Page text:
Cathie Wood has become the best-known fund manager for risk-tolerant growth investors. Her penchant for unearthing disruptive stocks has made Wood -- as ARK Invest's CEO, chief investment officer, and founder -- a name for investors to watch. Her exchange-traded funds were among last year's biggest gainers, and after a rough start in 2021, ARK Invest is starting to find its groove.

Every pick isn't a winner for Wood, but ARK Invest isn't afraid to buy stocks that Wood believes in when they take a hit. On Thursday, she added to her stakes in Twilio (TWLO 1.51%), Teladoc Health (TDOC 0.21%), and Robinhood Markets (HOOD 1.09%). Twilio and Robinhood were hit hard after reported quarterly results this week. Teladoc moved higher after reporting but is trading well below its all-time high. Let's take a closer look. 

Two people pushing a piggy bank up an incline.

Image source: Getty Images.


Shares of Twilio plummeted 18% on Thursday after the company reported disappointing financial results, and Wood was buying during the intraday weakness. The provider of in-app communication solutions beat expectations for the third quarter, posting stronger-than-expected revenue growth of 65% and a smaller-than-projected loss. 

Unfortunately there were some pressure points, and at least five analysts would go on to slash their price targets on the stock following the report. Twilio's guidance calls for a much larger loss than analysts were modeling, and some Wall Street pros are voicing concerns about the state of gross margins at the company. 

There's also the matter of the quality of its revenue. Twilio's been a growth star since hitting the market at $15 five years ago. It has clocked in with year-over-year revenue growth of at least 40%, and that pace was accelerating. Twilio's top line rose 55% last year, 64% through the first half of this year, and now 65% in its latest report.

However, a good chunk of its recent growth has come from acquisitions, and the 38% in organic revenue growth it just served up for the third quarter could be problematic. The silver lining here is that the stock has fallen so hard since its peak that even the sharply reduced price targets are higher than where Twilio is trading now. 

Teladoc Health

Telehealth was all the rage during the pandemic. When we couldn't go visit a doctor, therapist, dietician, or other medical specialist, Teladoc was there with its easily accessible and affordable videoconferencing platform.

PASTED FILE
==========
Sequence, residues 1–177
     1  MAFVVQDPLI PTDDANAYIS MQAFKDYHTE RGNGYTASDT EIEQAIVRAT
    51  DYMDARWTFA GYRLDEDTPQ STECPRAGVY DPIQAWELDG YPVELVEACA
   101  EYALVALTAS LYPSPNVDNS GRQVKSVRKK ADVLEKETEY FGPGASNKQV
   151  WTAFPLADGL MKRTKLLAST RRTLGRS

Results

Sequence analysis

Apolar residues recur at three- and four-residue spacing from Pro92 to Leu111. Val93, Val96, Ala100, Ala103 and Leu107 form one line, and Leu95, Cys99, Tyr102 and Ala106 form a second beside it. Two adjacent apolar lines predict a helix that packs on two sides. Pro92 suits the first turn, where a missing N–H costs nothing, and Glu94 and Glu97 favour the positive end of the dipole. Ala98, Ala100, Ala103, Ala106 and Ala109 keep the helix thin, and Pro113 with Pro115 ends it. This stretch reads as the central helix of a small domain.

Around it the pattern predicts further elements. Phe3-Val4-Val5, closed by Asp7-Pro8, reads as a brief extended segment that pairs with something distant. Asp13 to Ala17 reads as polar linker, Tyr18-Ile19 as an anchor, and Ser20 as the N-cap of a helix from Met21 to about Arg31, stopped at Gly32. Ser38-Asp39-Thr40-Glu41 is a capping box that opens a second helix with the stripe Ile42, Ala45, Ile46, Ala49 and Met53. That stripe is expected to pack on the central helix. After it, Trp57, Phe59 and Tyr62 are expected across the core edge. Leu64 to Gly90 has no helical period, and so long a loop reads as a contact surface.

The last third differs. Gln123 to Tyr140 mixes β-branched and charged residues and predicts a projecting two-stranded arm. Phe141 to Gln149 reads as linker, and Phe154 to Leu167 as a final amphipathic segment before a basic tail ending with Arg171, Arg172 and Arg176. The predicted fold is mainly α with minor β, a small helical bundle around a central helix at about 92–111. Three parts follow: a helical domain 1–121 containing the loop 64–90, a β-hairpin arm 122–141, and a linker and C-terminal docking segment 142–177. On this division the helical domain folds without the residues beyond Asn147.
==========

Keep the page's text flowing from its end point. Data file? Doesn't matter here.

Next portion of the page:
Teladoc's financial update on Wednesday afternoon was a mixed bag. It beat expectations on both ends of the income statement, but like Twilio, its guidance also calls for more red ink than analysts were forecasting. At least 10 analysts would go on to lower their price targets on the stock, but the shares still moved higher on Thursday. 

Business is still growing at Teladoc, and the company expects to facilitate more than 14.5 million visits this year. It's standing out despite the growingly competitive marketplace for telehealth.

The quarterly report wasn't great, but since the stock has already shed more than half of its value since hitting all-time highs in February, the news came as a relief. Teladoc continues to be ARK Invest's second-largest holding across all of its ETFs, and on Thursday, Wood purchased more shares in four of the funds.

Robinhood Markets

Robinhood Markets is now a broken IPO, buckling below its $38 debutante price tag after a brutal quarterly report. You can take your pick at which of the numbers tripped up the online-trading platform. 

We can start with the 35% growth in revenue that was well shy of the 60% growth that Wall Street was expecting. Guidance was also problematic. There was also a sequential dip in monthly active users.

The trends aren't kind here. Losses are only getting larger, and average revenue per user is sliding.

Robinhood Markets traded as high as $85 on its fifth day of trading this summer, and now it's a broken IPO. Wood is buying the dip, but Robinhood Markets is going to have to introduce new features to stand out in an environment where traders are heading elsewhere.